Black Music has been an essential ingredient of the American music gumbo since Africans arrived on these shores. However, it took the efforts of Kenny Gamble, Ed Wright, and media pioneer Dyana Williams to garner national recognition in the form of Black Music Month in 1979. Dyana’s lobbying work ultimately led to the signing of a White House proclamation for the annual celebration in 2000.
Dyana, a native New Yorker who has claimed Philadelphia as her home, reflects on the need for a celebration. “Black music grew out of pain, suffering, and indignities stemming from racism. From the field hollers to the church, African Americans could always find solace in music – music that would lift and inspire them”.
Though she has enjoyed a celebrated career as a radio and television personality, journalist, community activist, and media coach, Dyana’s first career aspiration was to be a jazz DJ. “I love the ‘freedom within structure’ that is essential to jazz – how musicians listen and spark new ideas in one another. Jazz is unique in that the musicians innovate and represent creativity at a very high level.”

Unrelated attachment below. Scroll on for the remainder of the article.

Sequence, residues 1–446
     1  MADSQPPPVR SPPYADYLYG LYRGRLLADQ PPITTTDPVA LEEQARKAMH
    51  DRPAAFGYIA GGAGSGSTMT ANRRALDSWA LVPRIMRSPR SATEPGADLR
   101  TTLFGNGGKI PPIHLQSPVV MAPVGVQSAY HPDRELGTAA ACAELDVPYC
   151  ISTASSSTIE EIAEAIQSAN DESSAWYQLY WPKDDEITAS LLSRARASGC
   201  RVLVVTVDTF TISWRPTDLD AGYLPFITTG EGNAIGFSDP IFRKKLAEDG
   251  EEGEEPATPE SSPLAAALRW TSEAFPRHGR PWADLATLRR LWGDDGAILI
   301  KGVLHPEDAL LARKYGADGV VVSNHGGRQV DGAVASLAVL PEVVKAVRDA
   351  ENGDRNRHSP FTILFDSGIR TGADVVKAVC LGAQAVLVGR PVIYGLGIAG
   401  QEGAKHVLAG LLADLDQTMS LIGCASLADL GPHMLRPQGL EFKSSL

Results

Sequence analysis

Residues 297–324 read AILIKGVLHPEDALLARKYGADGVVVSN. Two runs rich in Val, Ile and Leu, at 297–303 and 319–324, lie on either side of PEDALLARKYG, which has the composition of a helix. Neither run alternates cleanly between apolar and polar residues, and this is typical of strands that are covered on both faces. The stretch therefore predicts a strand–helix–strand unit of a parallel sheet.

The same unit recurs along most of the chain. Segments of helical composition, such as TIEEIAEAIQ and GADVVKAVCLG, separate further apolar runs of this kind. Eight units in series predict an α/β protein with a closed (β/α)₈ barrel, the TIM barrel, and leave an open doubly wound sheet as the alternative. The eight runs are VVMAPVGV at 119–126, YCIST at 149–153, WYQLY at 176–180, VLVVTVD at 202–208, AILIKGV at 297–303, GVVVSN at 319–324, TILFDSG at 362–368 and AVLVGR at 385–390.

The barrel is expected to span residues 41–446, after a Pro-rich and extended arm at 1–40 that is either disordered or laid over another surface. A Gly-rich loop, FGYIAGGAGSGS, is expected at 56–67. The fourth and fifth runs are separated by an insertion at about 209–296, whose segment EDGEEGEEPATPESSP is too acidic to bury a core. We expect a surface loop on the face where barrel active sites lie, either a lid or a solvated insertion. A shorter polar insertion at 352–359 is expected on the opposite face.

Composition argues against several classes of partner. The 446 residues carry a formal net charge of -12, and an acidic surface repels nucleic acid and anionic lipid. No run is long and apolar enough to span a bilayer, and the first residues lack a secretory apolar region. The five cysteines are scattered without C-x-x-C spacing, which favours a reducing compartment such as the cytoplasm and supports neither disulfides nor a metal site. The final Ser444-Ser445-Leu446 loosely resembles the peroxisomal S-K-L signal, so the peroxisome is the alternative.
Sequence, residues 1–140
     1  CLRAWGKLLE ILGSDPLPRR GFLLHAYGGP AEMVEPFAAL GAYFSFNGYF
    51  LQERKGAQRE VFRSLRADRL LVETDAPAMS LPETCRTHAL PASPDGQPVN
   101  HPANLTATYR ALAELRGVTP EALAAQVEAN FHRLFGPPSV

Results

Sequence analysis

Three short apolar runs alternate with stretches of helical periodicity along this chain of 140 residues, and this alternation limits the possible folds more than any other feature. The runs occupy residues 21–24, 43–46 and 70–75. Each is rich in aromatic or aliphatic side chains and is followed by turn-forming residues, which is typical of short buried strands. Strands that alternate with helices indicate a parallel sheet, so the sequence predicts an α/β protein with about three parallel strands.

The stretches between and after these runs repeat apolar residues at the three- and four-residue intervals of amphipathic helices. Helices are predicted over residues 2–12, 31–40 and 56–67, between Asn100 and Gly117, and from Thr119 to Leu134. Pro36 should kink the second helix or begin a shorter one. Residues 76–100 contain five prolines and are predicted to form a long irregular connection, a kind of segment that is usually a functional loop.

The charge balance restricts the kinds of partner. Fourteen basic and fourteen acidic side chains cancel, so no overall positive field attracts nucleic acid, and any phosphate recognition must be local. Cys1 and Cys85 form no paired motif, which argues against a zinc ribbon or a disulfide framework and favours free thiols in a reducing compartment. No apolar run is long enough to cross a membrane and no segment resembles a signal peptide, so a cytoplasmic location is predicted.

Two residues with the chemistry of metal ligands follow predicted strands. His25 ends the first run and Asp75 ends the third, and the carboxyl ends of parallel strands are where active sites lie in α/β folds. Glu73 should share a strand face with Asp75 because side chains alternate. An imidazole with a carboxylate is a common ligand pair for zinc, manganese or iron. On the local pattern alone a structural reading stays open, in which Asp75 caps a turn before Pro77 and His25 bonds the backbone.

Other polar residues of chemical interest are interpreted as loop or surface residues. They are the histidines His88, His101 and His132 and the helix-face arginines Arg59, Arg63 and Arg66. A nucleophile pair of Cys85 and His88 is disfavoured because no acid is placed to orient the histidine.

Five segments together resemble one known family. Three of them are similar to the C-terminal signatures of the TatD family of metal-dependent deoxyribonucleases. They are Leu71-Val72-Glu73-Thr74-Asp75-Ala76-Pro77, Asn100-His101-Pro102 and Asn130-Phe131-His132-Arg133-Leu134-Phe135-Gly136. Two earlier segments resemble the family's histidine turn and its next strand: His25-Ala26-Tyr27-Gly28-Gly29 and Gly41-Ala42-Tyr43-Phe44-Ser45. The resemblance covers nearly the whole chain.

Jazz music continues to contribute to the American music gumbo with innovative artistry. It’s a flavorful stew that’s exported around the world. We’re particularly proud of Philadelphians like Immanuel Wilkins, Christian McBride, Orrin Evans, Laurin Talese, Odean Pope, and legions of others who keep making music that helps us find solace when we need it most.
This Black Music Month, we join Dyana Williams in lifting up this indigenous art form and all those who make it, support it, and appreciate it.
President, Jazz Philadelphia